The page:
(Written March 2015)
On the opening night of the Royal Opera's Madama Butterfly, I entered the amphitheatre to find the occupants to my immediate right already in place - a dear elderly couple, aged ninety, dressed very smartly, hands folded atop their canes. After squeezing past, the gentleman immediately said; "Good evening. Have you seen the opera before?"
It soon transpired that he was quite the Puccini enthusiast, a lifelong devotee to the art of opera. It was with bright enthusiasm that he regaled recollected stories from decades ago, of starry sopranos and majestic nights.
"Puccini is, to the utmost, incomparable," he mused, with great sincerity. "When it is sung just right, everything just flows - a beautiful string of silver with no beginning and no end. From the first note of the love duet - just that one note alone! - I fall, completely."
"It seems to take so little for Puccini to create magic," I agreed, having recently been changed by an affecting Il Trittico.
"Magic!" he cried. "Magic! Now there's the word."
His fervency seemed to set the tone for the evening. I had initially come with relatively low expectations. Madama Butterfly was the spectacle for the first opera I ever attended - at the age of seven in the local Caird Hall, with a company hailing from a rather obscure part of Eastern Europe. Being altogether too young, I was ecstatic when Cio-Cio san finally copped it. Since that first encounter, Butterfly has failed to become more endearing; I often find it a capricious creation. The plot is simple, and Puccini's orchestration at his luscious best - a real lesson in tranquility and inner strength, with a dash of humour thrown in at surprising points. Yet, the characters frustrate; Pinkerton's insincerity is all too evident from the outset, that it becomes almost impossible to identify with Butterfly's love - at points, you simply desire to shake her hard, when she descends into histrionics over such an unworthy idol. Played with the slightest wrong nuance, the entire heart of the tale - a heart crafted of resilience, belief and hope - is inextricably lost.
There is no such fear with the Royal Opera's cast. Opolais' Butterfly is, possibly, the finest performance at the Royal Opera House this season. A tall woman with a powerful voice, Opolais showed remarkable control to thin her tone, particularly in Act I, to convey the winsome child. The task of portraying a fifteen year old girl, from a culture of great reserve and tradition, has always been a difficult one. Opolais showed her vocal power last season as Manon Lescaut; this time, she gave a sustained smooth tone, as shimmering and as breakable as gossamer, that still carried great resonance along with its purity. Upon her first appearance onstage, and introducing herself to Sharpless, Opolais' Butterfly is unapologetic and guilelessly frank. She becomes an eccentric child, one who seems, with her spontaneity and brightly unquenchable spark, slightly removed from the world around her - a dreamer ascending to the 'house made of air' on the hilltop. Rather than a mere slip of a child, giddy for marriage and security, under Opolais' guidance she takes on new meaning. While some may think this approach lacks the power, it ought to be remembered that this isn't some great Italianate tale of woe and misfortune. Butterfly's charm lies not in her passion, but in her femininity. Puccini endows her with dozens of lilting passages, stark in their simplicity - merely one reedy voice soaring out alone. When she turns to Jagde's Pinkerton at the beginning of 'Vogliateme bene', and entreats him to 'love her a little' it was so saturated with need and adoration that it takes the breath away.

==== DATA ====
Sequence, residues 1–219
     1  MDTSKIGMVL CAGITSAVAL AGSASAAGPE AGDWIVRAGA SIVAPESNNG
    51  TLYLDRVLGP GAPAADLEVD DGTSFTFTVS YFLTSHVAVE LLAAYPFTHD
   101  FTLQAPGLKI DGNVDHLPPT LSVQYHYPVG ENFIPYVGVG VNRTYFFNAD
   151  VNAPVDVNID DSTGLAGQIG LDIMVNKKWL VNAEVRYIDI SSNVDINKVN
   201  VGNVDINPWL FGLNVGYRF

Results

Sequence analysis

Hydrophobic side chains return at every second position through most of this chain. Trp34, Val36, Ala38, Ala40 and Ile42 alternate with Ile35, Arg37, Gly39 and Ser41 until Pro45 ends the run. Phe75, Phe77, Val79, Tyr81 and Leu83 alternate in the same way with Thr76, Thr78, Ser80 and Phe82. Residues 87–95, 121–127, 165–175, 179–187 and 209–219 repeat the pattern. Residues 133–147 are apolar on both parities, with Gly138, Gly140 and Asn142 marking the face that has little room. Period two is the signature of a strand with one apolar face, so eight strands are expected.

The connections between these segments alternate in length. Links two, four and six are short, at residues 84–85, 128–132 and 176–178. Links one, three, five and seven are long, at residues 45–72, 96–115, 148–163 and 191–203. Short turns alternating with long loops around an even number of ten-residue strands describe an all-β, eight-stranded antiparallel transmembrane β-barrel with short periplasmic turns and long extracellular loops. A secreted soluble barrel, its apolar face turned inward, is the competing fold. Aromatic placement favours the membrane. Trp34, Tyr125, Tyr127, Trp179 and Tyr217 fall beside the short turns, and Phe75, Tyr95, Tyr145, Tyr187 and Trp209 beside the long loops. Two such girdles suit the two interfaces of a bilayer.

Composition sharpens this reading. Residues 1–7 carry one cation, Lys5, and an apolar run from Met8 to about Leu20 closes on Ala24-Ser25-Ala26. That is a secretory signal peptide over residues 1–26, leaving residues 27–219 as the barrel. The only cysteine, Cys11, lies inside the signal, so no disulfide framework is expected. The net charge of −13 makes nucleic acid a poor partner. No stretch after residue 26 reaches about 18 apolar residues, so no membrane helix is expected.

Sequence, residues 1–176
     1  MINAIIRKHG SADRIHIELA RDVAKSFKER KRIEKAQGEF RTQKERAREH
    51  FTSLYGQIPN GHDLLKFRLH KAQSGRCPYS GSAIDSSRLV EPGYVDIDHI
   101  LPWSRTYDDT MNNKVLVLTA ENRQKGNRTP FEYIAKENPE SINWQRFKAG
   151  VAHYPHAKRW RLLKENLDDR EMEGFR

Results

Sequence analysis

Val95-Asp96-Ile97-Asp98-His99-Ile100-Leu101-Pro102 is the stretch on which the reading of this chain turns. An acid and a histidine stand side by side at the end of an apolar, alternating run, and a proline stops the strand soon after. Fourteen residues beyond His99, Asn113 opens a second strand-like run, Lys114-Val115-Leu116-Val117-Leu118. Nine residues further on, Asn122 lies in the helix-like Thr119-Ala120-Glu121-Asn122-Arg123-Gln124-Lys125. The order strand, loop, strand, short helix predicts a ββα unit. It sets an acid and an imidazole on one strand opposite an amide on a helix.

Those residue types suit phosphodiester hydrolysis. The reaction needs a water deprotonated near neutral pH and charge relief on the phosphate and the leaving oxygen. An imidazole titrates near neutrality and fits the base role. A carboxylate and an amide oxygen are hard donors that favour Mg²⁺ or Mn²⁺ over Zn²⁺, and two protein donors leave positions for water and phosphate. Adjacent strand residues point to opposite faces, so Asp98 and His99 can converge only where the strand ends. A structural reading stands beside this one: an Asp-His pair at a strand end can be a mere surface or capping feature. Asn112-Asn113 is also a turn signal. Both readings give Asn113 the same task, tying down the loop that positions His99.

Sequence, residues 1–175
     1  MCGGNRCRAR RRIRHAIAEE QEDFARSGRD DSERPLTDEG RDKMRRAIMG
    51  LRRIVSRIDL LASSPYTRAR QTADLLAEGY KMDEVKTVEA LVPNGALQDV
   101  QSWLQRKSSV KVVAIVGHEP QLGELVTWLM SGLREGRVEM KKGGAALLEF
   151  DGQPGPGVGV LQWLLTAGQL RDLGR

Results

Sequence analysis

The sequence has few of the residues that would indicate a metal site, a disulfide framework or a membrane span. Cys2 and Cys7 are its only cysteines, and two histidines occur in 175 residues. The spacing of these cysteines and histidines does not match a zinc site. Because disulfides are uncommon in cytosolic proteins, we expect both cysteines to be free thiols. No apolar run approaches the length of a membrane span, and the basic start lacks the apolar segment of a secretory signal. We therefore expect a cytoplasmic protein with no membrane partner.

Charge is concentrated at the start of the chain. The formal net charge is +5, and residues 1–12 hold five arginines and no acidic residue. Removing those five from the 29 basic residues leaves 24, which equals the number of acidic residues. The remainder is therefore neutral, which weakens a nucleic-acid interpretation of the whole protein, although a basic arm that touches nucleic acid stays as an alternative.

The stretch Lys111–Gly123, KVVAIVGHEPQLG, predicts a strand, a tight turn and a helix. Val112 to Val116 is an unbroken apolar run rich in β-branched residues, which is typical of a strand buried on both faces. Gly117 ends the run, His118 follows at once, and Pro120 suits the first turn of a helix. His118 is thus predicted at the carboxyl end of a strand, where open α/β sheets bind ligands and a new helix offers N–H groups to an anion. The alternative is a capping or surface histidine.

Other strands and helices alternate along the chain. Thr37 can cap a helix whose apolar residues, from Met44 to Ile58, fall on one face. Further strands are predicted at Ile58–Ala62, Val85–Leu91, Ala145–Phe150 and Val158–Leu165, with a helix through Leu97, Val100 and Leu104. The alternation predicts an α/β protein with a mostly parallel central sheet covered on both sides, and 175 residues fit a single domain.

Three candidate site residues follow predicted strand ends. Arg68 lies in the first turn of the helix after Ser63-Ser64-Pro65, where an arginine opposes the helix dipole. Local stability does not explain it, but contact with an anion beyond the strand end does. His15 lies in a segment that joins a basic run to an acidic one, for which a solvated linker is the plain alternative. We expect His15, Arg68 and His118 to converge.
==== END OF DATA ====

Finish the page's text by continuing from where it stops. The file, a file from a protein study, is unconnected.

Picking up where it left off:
The final two acts showcased a Butterfly unlike any other I have seen before. I state the triumvirate again - resilience, belief and hope - that is the making of the finest Butterflies. It is too lofty an aim to treat it as a great paragon of love or devotion; he is a fool and she is blind (and only fifteen). But Puccini wins when this unsavoury setup ceases to matter. He triumphs in the strength of her gaze, tempered by resolution not shrill adoration; he lives on the wings of Opolais' indignation, not doubt, when she utters in that terrible way; 'Ah! m'ha scordata? / Ah! Has he forgotten me?'. Opolais reduces us to tears precisely because her Butterfly walks on the side of Triumph; buffered by eccentricity, led by perceived kindness, her supposed misfortune and abandonment does not burden her. And, for that reason, Puccini's orchestration thrives - it is freed from the forerunner of tragedy and the apotheosis of reason.
To all Butterflies who march dutifully to the drum of Melancholy; observe Opolais and understand that a girl who gave her heart to faith could not have lived thus!